Daran Rudnick holds a B.S., M.S., and Ph.D. in Agricultural and Biological Systems Engineering from the University of Nebraska-Lincoln (UNL). He is an assistant professor of Biological Systems Engineering at UNL, specializing in irrigation/water management. His appointment consists of developing and conducting relevant and responsive irrigation/water management research and extension programs for crops grown in the Central High Plains. His specific research interests include: full and limited irrigation management, evapotranspiration of various vegetative surfaces, soil water extraction dynamics, precision water management, fertigation, concurrent management of irrigation and nitrogen fertilizer, economic feasibility of irrigation practices, and plant and soil water monitoring technologies. Daran has 32 peer-reviewed manuscripts, co-authored with over 70 individuals, addressing local to international water challenges. Daran has an active extension program that engages growers, industry, regulatory agencies, and university personnel. Most notably, he co-developed the University of Nebraska-Lincoln Testing Ag Performance Solutions (TAPS) program that engages a diverse group of stakeholders around efficient and profitable crop production.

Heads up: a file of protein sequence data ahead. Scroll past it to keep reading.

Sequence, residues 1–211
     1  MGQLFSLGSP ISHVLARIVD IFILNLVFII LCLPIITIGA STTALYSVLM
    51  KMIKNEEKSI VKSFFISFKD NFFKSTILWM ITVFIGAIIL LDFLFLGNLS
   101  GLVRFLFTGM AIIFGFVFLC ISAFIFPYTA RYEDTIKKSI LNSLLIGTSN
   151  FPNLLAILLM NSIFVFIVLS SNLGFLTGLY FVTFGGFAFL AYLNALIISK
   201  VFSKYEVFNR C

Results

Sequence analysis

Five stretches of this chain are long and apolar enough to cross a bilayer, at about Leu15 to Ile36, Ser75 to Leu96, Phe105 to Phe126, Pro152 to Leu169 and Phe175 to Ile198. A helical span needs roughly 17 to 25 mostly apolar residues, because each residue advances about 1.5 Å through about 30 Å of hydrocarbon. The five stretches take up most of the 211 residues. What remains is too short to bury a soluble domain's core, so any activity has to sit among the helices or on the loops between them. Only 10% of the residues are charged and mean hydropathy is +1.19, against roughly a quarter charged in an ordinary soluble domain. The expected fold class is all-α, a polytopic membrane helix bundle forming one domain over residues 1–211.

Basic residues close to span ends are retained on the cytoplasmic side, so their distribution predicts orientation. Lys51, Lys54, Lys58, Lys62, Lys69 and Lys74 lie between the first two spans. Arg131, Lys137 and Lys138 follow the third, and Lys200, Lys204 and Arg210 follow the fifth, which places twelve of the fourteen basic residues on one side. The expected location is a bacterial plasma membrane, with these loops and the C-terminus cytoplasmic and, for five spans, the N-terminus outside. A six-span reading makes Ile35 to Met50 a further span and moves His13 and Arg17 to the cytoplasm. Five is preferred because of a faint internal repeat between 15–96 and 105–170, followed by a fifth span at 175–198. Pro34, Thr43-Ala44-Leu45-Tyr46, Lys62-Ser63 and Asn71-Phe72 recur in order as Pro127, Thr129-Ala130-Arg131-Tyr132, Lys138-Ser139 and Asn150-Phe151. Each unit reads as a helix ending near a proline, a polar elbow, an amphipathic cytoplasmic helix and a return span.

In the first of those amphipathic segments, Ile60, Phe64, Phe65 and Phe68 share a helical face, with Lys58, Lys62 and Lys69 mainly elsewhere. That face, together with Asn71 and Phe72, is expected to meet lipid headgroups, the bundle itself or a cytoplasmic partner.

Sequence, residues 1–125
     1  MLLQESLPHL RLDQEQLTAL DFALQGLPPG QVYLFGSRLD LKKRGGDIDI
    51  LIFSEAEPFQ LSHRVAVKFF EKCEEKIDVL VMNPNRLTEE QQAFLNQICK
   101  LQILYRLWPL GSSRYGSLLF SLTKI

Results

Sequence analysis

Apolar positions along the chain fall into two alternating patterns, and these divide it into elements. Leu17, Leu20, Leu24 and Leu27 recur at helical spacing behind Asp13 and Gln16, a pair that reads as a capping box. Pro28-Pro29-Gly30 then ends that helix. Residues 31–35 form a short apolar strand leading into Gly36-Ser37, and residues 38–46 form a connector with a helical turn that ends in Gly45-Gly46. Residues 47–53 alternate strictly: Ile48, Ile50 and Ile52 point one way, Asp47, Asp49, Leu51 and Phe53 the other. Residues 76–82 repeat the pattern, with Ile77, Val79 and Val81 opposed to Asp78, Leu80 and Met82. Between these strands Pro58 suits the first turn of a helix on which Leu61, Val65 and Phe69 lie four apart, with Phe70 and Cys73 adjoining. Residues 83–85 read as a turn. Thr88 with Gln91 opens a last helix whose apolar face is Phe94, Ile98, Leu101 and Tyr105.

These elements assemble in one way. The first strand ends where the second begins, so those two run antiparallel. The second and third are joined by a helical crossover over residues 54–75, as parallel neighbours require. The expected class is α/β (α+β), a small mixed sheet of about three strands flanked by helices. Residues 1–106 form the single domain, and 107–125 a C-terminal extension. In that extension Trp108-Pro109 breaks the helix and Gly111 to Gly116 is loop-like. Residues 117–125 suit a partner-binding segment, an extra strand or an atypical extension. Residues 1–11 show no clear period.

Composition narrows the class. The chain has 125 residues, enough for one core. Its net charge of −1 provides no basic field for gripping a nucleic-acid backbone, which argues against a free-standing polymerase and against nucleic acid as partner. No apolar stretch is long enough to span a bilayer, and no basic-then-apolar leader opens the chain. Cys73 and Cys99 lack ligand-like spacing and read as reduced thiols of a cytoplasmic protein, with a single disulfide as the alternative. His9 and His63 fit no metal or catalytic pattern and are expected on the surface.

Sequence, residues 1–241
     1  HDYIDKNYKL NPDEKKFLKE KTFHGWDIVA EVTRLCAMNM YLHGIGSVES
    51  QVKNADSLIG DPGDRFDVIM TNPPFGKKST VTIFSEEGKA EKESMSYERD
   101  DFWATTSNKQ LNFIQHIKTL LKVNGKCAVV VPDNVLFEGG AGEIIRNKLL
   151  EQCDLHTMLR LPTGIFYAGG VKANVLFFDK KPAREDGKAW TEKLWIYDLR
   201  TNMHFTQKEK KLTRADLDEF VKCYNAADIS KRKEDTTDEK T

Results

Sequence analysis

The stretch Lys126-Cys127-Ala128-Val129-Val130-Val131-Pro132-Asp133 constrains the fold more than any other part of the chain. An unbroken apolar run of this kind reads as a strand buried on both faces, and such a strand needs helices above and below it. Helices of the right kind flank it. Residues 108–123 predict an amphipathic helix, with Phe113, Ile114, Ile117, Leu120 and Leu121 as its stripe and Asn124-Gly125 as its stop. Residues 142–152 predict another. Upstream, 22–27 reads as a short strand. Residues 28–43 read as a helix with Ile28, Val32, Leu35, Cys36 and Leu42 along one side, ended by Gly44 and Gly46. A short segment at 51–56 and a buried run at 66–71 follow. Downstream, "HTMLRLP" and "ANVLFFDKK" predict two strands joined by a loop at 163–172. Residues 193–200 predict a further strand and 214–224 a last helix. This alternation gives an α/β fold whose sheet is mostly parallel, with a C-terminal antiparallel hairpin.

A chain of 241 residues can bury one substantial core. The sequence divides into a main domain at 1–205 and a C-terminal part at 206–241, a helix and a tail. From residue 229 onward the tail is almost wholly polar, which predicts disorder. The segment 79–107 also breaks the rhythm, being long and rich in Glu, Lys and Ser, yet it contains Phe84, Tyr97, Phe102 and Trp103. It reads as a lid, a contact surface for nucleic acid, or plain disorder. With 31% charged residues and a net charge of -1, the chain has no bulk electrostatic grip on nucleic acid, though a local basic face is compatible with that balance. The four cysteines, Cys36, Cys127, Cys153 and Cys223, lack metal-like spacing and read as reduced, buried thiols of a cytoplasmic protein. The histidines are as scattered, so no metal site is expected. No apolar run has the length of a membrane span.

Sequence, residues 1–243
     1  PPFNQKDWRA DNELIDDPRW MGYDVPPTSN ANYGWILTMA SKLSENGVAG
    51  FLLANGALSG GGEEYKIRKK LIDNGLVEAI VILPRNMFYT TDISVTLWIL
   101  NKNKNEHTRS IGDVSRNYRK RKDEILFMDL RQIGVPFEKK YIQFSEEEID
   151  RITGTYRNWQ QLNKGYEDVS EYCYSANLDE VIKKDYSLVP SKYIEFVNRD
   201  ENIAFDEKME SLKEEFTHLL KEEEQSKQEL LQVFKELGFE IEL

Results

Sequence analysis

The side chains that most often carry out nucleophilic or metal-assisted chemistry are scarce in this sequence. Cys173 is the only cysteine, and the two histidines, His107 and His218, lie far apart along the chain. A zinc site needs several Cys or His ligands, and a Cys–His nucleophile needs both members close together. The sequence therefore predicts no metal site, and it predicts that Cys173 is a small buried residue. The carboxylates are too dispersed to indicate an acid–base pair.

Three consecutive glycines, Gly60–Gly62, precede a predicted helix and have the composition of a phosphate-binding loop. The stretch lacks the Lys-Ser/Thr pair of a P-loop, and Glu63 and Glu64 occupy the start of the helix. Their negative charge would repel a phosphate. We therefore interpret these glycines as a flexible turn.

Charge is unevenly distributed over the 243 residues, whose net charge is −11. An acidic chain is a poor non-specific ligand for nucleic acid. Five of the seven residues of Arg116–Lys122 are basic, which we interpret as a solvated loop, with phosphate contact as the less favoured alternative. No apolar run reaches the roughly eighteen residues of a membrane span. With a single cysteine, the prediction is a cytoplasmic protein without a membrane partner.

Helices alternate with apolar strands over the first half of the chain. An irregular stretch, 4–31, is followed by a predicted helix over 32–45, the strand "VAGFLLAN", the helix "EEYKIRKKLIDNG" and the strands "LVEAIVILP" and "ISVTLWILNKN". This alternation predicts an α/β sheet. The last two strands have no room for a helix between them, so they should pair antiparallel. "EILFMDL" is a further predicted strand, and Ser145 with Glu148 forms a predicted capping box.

Length (approx): 40 min
The Data-Intensive Farm Management Project: Using Precision Technology to Get the Information Needed to Use Precision Technology Profitably